kebele level through the Agriculture Growth Program II to strengthen animal disease prevention and control. In addition, motorcycles were distributed to artificial inseminators. The cross breed cattle proportion increased in the AGP I period (20102015) from 10.37% to 14.53% (FDRE 2016). AGP II is working with ATARC and FLO in the animal healthcare and breed improvement programs by providing financial and logistic support (MoE 2015).

knowledge banks of experts for the private sector, NGO’s and government organisations at different levels. Students graduate in BSc, MSc and PhD levels in different disciplines, whereas ATVETs provide diploma programmes, key to human resources in the extension service at kebele level. Ethiopian Meat and Dairy Industry Development Institute (EMDIDI) has the mandate to ensure that dairy products meet quality standards, and to develop a marketing system based on quality. In addition, EMDIDI assists in capacity building of producers, collectors and processors, as confirmed by respondents.

Innovation platforms Informal chains and local breeds dominate the Ziway-Hawassa milk shed and the speed of innovations is low, despite the efforts of universities, Alage ATVET, LFO, ATARC, Alema Koudijs and their agents, drug suppliers and SEDA. Figure 5. Policies and proclamations The Animal Disease Prevention and Control Proclamation was established to prevent the occurrence of disease and disease outbreaks. LFO is implementing vaccination campaigns. The respondents confirmed that the government was providing drugs and vaccines. The Livestock Master Plan in the dairy sector has the vision to become self-sufficient in milk and milk products, the per capita consumption to reach world average in 2025. The master plan states that improved dairy cattle would increase from 10.3% to 42.3% in 2025 and the milk yield will increase in cross breed cows from 1.5 to 8 litres. The plan looks good but seems unrealistic. Breed improvement is key to decrease the emission released per litre of milk. Higher Education and ATVET Proclamation. The government of Ethiopia rapidly expands its higher education institutions in the country. The number of government universities in the country is more than 30. Universities are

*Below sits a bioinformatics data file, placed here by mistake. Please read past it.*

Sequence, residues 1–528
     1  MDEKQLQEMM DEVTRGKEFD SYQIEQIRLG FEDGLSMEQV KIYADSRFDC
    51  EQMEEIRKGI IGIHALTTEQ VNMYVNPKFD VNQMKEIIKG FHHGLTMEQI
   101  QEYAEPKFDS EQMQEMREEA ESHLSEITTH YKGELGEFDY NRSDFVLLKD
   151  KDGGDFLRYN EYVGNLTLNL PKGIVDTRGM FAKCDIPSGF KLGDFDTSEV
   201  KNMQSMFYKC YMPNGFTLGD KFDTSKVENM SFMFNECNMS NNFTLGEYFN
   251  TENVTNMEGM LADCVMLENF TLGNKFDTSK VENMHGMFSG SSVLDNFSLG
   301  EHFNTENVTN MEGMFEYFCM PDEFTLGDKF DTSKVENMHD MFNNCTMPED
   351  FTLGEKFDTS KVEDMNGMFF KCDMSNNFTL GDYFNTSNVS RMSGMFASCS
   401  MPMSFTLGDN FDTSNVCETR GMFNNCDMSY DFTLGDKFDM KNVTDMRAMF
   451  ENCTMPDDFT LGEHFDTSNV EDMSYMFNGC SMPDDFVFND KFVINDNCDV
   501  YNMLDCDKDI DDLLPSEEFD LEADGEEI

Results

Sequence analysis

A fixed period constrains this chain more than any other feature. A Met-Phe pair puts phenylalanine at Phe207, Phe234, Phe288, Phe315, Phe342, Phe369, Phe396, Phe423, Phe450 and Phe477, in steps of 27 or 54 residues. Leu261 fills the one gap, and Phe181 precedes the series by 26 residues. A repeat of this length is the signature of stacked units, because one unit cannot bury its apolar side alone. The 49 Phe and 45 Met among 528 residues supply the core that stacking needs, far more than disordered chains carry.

LFO is the main responsible body to provide services in the dairy sector. The office is the source of information in the dairy sector in all districts. Three development agents (DA’s) are assigned in each kebele for extension services to farmers. The DA’s make use of farmer training centres, farmer research groups, and farmers field days. There are one to five development teams in each kebele. A team is led by a model farmers (using or willing to adopt new technology). LFO monitors and evaluates the services provided to farmers. LFO respondents mentioned the low motivation among farmers to adopt new technologies. The farmer training centre was used to demonstrate on-farm experiments so that farmers could observed it and put it into practice. During field days, farmers learn from each other, i.e. some farmers' may be best in feed production or conservation and the other in dairy cow management. The knowledge sharing among farmers was created in the field day programs. Research and capacity building in dairy is a local, national and international responsibility. Alage ATVET trains students for three years in CSDEK paper 2019-02 / 13